A few studies I wanted to explore in a little more detail.
This comprehensive look at all deaths of children in the UK is very revealing. This is exactly the kind of detailed study that needs to be done for all deaths. The authors sought to distinguish between people who just happened to test positive and died of other causes and people who actually died of CV-19 disease. There are over 12 million children 18 years old and under in England. Out of these, 3105 in total died of anything. 61 died with a positive CV-19 test, but chart review found that only 25 of these actually died because of CV-19 disease. These children tended to be teenagers and to have another serious illness. Just think of this, only two in a million children have died from CV-19 and children are a 100 times less likely to die of CV-19 than some other cause. I have no doubt that the numbers are similar in the US and in Minnesota. So remember that when you think about school closures, masking children or vaccinating them. (Nature Article)
Delta is the cause of all our woes, right. No, it is just another myth that sound logical analysis would have dispelled early on and we would have seen the same basic epidemic curves with or without Delta. This very large study from the UK looked at outcomes by age group, comparing Alpha and Delta. Delta cases had a lower case fatality rate, .43% compared to 1.07% for Alpha. In those over 50 it was 2.4% for Delta versus 4.8% for Alpha. Similarly, hospitalization rates for Delta were 2.1% versus 3% for Alpha, with the comparison for those over 50 being 6.5% versus 8.6%. There was an increased proportion of hospitalizations in those over 50 but under 70. There was a decreased percent of LTC deaths. Now it is important to consider the effect of vaccination rates on these numbers, as more people were likely vaccinated during the Alpha wave, but that should not have much of an impact on case rates. But it also may be true that Alpha, which was earlier in time, partially exhausted the pool of persons who might be susceptible to serious disease. (UK Study)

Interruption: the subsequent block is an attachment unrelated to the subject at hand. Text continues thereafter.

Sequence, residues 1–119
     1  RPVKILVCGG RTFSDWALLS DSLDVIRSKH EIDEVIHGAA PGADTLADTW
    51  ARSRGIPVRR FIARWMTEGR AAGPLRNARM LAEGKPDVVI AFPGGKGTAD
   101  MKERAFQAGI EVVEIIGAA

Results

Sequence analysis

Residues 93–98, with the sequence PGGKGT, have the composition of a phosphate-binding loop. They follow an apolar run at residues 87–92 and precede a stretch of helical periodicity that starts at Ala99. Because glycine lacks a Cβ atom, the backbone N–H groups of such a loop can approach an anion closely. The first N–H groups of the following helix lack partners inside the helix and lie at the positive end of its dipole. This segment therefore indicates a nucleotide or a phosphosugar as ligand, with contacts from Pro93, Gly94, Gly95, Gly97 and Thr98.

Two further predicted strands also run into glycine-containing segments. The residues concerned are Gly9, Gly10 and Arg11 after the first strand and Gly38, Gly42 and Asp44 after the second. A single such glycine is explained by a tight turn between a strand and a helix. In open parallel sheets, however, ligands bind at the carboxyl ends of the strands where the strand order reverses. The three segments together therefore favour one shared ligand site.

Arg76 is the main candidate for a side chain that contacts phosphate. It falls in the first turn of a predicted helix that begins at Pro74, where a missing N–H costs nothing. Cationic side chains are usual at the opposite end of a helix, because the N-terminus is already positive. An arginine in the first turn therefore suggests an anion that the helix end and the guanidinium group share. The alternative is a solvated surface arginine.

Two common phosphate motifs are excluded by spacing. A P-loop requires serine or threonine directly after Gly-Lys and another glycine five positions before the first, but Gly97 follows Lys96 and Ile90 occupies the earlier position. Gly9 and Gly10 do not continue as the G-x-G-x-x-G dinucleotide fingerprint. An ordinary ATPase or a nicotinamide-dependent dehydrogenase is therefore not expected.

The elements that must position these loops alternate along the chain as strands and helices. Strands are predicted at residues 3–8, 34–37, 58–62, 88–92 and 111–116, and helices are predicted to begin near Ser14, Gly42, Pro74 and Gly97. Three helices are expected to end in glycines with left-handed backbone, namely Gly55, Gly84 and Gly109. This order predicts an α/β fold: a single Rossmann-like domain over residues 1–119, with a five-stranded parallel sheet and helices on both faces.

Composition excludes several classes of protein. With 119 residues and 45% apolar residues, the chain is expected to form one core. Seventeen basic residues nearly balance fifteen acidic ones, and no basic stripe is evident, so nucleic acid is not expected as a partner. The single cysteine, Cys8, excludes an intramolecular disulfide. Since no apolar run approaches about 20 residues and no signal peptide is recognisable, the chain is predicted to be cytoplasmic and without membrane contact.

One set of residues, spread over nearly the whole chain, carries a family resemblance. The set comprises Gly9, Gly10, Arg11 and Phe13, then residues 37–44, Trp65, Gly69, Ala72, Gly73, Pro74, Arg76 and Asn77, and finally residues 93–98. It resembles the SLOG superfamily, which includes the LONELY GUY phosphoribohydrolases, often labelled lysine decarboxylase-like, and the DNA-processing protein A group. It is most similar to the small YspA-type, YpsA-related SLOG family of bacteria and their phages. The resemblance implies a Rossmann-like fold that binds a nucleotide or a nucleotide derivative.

There is a lot of focus on breakthrough infections but reinfections are important to track as well, since it helps identify the protective effect of a prior infection. This study from South Africa looks at reinfections in that country. (Medrxiv Paper) Not only were there very low rates of reinfection overall, but those rates did not increase during the Beta and Delta waves in the country, indicating strong protection against variants from prior infection. The total reinfection rate was around 1%, which is far lower than the breakthrough infection rate over similar days of exposure. Confirms to me that infection likely produces a better immune response than vaccination.
And the latest UK vaccine surveillance report shows a continuing trend of weakening protection against infection, but continued protection against hospitalizations and deaths, although that association is attentuated in the elderly. (UK Report)